At the centre of this intriguing, irresistible novel are the young Lambs: Charles, constrained by the tedium of his work as a clerk at the East India Company, taking refuge in a drink or three too many while spreading his wings as a young writer, and his clever, adoring sister Mary, confined by domesticity, an ailing, dotty father and a maddening mother- Into their lives comes William Ireland, an ambitious 17-year-old antiquarian and bookseller, anxious not only to impress his demanding showman of a father, but to make his mark on the literary world. When Ireland turns up a document in the handwriting of Shakespeare himself, he takes Mary into his confidence - but soon scholars and actors alike are beating a path to the little bookshop in Holborn Passage. Touching and tragic, ingenious, funny and vividly alive, this is Ackroyd at the top of his form in a masterly retelling of a nineteenth-century drama which keeps the reader guessing right to the end.
What I thought:
I wasn’t really a fan of this book. I didn’t really enjoy the plot and was not massively interested in watching the story unfold. I think the story had potential but I just didn’t find it intriguing. Perhaps it is because it was about Shakespeare and that brought back subconscious memories of school!
Wednesday, 23 September 2009
Title: Things Fall Apart
Author: Chinua Achebe
Number of pages: 152
Started: 21 September 2009
Finished: 23 September 2009
Okonkwo was well known throughout the nine villages and even beyond. His fame rested on solid personal achievements. As a young man of eighteen he had brought honor to his village by throwing Amalinze the Cat. Amalinze was the great wrestler who for seven years was unbeaten, from Umuofia to Mbaino. He was called the Cat because his back would never touch the earth. It was this man that Okonkwo threw in a fight which the old men agreed was one of the fiercest since the founder of their town engaged a spirit of the wild for seven days and seven nights.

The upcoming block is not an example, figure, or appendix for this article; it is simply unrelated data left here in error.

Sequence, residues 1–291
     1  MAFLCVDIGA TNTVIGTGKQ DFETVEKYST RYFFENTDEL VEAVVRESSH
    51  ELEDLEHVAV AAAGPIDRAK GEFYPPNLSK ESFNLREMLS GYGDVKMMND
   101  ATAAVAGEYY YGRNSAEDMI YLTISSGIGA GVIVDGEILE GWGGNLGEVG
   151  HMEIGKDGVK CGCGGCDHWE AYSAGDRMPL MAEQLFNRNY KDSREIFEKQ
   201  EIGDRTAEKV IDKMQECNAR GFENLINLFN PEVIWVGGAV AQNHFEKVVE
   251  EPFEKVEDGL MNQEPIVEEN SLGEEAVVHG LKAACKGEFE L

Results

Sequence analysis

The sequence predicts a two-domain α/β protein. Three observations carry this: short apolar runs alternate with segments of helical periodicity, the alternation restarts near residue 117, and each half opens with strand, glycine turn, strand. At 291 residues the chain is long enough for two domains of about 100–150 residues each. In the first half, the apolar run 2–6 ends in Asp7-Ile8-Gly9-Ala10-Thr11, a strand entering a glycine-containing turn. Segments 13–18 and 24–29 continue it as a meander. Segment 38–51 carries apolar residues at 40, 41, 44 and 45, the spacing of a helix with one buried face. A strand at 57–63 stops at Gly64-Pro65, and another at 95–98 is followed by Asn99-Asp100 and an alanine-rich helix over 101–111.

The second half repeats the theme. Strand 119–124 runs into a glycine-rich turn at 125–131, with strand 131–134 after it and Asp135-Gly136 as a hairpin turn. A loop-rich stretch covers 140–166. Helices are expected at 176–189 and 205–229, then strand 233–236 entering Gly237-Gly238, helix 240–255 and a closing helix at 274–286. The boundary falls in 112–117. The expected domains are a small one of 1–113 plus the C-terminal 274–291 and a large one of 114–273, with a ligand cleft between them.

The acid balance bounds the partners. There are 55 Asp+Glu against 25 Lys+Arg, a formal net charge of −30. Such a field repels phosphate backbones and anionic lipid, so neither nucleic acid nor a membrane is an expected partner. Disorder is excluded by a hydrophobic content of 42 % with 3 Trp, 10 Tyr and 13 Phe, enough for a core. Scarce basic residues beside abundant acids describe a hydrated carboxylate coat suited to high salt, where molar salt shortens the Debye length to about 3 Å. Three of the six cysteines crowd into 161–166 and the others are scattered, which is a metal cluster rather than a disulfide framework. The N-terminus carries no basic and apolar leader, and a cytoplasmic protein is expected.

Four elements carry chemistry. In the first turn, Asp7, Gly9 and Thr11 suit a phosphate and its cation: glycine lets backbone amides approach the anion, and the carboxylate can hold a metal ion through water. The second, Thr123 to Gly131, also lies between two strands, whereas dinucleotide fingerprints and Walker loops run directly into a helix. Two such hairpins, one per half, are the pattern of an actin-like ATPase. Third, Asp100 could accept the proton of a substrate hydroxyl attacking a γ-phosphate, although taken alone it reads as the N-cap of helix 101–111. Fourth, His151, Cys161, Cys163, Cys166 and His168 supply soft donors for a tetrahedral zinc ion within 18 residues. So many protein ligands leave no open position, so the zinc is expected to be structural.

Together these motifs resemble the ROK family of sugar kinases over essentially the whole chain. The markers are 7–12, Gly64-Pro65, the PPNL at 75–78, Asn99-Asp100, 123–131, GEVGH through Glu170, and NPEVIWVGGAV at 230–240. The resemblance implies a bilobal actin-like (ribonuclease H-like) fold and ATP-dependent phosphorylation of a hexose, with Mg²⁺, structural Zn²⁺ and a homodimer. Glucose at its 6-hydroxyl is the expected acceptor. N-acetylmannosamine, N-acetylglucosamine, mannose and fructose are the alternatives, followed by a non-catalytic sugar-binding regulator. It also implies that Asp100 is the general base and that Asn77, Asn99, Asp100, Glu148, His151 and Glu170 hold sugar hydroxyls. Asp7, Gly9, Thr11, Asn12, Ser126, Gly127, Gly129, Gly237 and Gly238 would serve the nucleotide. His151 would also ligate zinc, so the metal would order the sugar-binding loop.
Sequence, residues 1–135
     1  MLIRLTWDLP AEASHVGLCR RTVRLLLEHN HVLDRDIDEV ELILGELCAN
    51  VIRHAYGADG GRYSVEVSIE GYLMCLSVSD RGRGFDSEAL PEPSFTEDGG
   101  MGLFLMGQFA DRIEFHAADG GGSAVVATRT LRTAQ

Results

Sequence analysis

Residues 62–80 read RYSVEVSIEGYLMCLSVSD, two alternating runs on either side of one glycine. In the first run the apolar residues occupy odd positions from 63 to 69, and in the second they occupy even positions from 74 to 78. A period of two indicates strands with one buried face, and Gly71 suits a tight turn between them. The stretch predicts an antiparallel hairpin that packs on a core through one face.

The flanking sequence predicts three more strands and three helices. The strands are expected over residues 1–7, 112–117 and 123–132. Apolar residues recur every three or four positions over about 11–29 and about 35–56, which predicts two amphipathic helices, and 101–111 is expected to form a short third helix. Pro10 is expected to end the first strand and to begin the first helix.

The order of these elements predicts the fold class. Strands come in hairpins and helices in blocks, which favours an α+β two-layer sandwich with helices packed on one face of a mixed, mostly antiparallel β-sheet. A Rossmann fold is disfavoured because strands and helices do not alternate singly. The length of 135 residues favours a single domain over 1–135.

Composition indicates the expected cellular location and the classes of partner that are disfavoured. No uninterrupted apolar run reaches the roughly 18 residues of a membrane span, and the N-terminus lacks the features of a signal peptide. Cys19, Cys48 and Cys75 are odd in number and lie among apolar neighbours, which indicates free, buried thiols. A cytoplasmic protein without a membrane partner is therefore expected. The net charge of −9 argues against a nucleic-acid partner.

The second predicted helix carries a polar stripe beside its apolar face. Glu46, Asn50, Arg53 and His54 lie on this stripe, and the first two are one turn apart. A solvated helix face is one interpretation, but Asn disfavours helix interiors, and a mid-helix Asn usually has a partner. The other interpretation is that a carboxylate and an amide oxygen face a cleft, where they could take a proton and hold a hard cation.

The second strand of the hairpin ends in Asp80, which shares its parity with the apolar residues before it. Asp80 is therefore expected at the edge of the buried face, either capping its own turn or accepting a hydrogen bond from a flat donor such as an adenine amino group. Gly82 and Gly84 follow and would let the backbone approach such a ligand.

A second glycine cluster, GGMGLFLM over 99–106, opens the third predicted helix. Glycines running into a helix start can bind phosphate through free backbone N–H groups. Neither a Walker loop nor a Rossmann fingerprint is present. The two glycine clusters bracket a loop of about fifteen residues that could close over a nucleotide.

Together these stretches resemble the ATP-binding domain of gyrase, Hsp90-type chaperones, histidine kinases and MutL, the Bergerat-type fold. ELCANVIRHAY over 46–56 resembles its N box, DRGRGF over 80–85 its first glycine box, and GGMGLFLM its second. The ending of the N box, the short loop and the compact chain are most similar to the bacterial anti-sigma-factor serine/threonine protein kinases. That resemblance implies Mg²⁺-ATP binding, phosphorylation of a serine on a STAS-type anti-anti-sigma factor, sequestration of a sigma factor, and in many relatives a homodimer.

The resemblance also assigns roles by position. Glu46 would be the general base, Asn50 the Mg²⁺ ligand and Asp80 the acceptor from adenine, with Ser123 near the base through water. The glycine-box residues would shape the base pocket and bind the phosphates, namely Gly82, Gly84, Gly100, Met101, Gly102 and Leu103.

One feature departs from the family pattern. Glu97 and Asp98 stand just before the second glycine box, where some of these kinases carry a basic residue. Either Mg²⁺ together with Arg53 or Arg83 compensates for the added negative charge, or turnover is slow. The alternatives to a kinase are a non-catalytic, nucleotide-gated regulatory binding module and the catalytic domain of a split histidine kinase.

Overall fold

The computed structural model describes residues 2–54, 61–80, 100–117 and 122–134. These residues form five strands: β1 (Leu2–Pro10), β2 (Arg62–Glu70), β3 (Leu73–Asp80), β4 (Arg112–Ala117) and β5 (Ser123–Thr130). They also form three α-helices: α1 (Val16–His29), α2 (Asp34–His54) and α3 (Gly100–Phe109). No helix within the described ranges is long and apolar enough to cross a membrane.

The drums beat and the flutes sang and the spectators held their breath. Amalinze was a wily craftsman, but Okonkwo was as slippery as a fish in water. Every nerve and every muscle stood out on their arms, on their backs and their thighs, and one almost heard them stretching to breaking point. In the end Okonkwo threw the Cat.
Read an extract here.
Okonowo is the greatest warrior alive. His fame has spread like a bushfire in West Africa and he is one of the most powerful men of his clan. But he also has a fiery temper. Determined not to be like his father, he refuses to show weakness to anyone - even if the only way he can master his feelings is with his fists. When outsiders threaten the traditions of his clan, Okonowo takes violent action. Will the great man's dangerous pride eventually destroy him?
What I thought:
I sort of liked this book. I liked some of the folklore stories that it told in it and there were parts of it which I almost thought were quite like a Biblical parable, which I thought was quite interesting. Ultimately I guess the book was about a clash of cultures – the West Africans trying to maintain their ‘barbaric’ culture and ultimately the white missionaries trying to civilise them. I did enjoy it (although it was quite bloodthirsty in places), but I think I found it hard to decide what I thought of the book because whilst the practices of the tribe were not ‘civilised’, I wasn’t that comfortable with what the missionaries were trying to do either. But perhaps that was the point.
It was an interesting read and I warmed to it more as the book continued.
Sunday, 20 September 2009
Title: Keep the Aspidistra Flying
Author: George Orwell
Number of pages: 277
Started: 16 September 2009
Finished: 20 September 2009
The clock struck half past two. In the little office at the back of Mr McKechnie's bookshop, Gordon--Gordon Comstock, last member of the Comstock family, aged twenty-nine and rather moth-eaten already--lounged across the table, pushing a four-penny packet of Player's Weights open and shut with his thumb.
The ding-dong of another, remoter clock--from the Prince of Wales, the other side of the street--rippled the stagnant air. Gordon made an effort, sat upright, and stowed his packet of cigarettes away in his inside pocket. He was perishing for a smoke. However, there were only four cigarettes left. Today was Wednesday and he had no money coming to him till Friday. It would be too bloody to be without tobacco tonight as well as all tomorrow.
Read the whole book here.
Gordon Comstock loathes dull, middle-class respectability and worship of money. He gives up a 'good job' in advertising to work part-time in a bookshop, giving him more time to write. But he slides instead into a self-induced poverty that destroys his creativity and his spirit. Only Rosemary, ever-faithful Rosemary, has the strength to challenge his commitment to his chosen way of life. Through the character of Gordon Comstock, Orwell reveals his own disaffection with the society he once himself renounced.